You’ve set up your Google Ads account and linked it to your site. Credit card information for billing is ready to go. You’ve established ad groups and selected your keywords.
It’s almost time for the grand finale. You’re writing perfect ads to grab attention and drive sales.
But when you click the save button and try to submit them, it tells you that your ad is being processed.
And instantly the excitement turns straight into frustration and annoyance.
Getting ads approved by Google is never fun.
Especially when Google flags or even disapproves them, forcing you to repeat the process with your fingers crossed.
Today we’ll walk you through the ad approval process and teach you how to get them approved fast and even fix disapproved ads.
Plus, we’ll show you how to check the status of each ad to ensure its safe passage.
No need to cross your fingers anymore.
Let’s jump in!
How Google’s Ad Approval Process Works
The Google AdWords ad review process isn’t a simple one-off glance.
It’s not as simple as checking for profanity and then giving you the all clear.
The ad approval process initiates after you create or edit an ad on AdWords.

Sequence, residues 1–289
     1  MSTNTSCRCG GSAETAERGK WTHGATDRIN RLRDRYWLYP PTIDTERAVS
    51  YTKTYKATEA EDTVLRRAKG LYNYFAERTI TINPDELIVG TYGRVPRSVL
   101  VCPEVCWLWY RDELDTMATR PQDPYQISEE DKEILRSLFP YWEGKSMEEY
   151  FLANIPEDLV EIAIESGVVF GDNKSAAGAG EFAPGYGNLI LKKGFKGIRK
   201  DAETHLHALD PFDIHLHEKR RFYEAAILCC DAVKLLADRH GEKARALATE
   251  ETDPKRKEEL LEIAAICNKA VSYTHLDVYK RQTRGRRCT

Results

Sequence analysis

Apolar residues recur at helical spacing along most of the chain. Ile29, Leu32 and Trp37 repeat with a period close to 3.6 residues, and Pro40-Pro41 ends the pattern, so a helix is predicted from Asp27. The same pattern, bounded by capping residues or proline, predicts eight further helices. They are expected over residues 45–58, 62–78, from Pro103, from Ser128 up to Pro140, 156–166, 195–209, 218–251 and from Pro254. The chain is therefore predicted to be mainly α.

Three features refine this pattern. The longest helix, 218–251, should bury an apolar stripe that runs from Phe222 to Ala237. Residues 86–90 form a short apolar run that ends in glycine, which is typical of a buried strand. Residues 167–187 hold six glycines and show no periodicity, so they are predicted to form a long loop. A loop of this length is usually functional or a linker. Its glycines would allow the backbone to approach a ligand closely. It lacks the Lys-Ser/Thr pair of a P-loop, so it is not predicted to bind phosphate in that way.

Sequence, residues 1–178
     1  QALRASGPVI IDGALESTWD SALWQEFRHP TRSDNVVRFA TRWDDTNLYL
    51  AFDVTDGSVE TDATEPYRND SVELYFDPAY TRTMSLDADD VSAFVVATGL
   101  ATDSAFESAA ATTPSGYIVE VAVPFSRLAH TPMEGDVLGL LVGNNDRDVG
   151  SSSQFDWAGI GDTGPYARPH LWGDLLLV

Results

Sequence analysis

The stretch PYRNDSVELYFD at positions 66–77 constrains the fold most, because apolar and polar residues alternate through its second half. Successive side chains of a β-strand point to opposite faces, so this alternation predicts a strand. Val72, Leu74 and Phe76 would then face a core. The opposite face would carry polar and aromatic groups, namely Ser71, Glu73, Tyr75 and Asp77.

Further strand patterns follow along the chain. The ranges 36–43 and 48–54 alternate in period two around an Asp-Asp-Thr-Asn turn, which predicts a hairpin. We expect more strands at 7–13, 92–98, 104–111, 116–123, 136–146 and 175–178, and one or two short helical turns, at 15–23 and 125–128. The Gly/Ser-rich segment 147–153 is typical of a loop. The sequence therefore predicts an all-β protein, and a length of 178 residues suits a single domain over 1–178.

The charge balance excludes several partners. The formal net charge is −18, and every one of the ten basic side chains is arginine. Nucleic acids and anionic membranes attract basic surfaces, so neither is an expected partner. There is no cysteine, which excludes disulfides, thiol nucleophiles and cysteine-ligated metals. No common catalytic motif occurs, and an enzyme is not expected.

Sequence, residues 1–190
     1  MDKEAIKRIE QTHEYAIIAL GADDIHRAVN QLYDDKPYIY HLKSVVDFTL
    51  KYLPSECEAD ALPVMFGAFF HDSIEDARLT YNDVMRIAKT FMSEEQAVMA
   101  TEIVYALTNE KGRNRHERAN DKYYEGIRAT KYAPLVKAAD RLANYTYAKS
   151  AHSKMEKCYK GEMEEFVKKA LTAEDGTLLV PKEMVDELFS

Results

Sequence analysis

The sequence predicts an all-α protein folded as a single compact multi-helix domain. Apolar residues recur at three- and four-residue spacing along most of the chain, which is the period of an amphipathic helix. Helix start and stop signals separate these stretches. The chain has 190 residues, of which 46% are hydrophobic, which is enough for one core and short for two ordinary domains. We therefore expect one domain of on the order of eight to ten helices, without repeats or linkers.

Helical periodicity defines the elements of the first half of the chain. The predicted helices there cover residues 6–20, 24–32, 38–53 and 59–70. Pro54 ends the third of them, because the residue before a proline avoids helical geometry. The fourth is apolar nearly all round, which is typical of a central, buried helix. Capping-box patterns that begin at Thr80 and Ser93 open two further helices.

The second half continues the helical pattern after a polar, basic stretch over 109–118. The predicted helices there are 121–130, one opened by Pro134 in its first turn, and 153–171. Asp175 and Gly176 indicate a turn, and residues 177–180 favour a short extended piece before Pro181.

Once you do this, it will automatically trigger the approval/review process.
For example, when you head to your AdWords account and click to edit an existing ad, you’ll have to get it reviewed once more when you save it.
The same approval process happens when you create a fresh ad from scratch.
Any changes, updates, or additions to an ad will require further review.
Yeah, it’s annoying.
Once you submit an ad for review and approval, Google takes a deep look into a few specific areas:
- Your headline: Is it spammy or a scam?
- The description: What message are you conveying? Is it real? Is it offensive?
- Keywords: Does this ad make sense for these keywords?
- Landing page: Does your landing patch match your ad?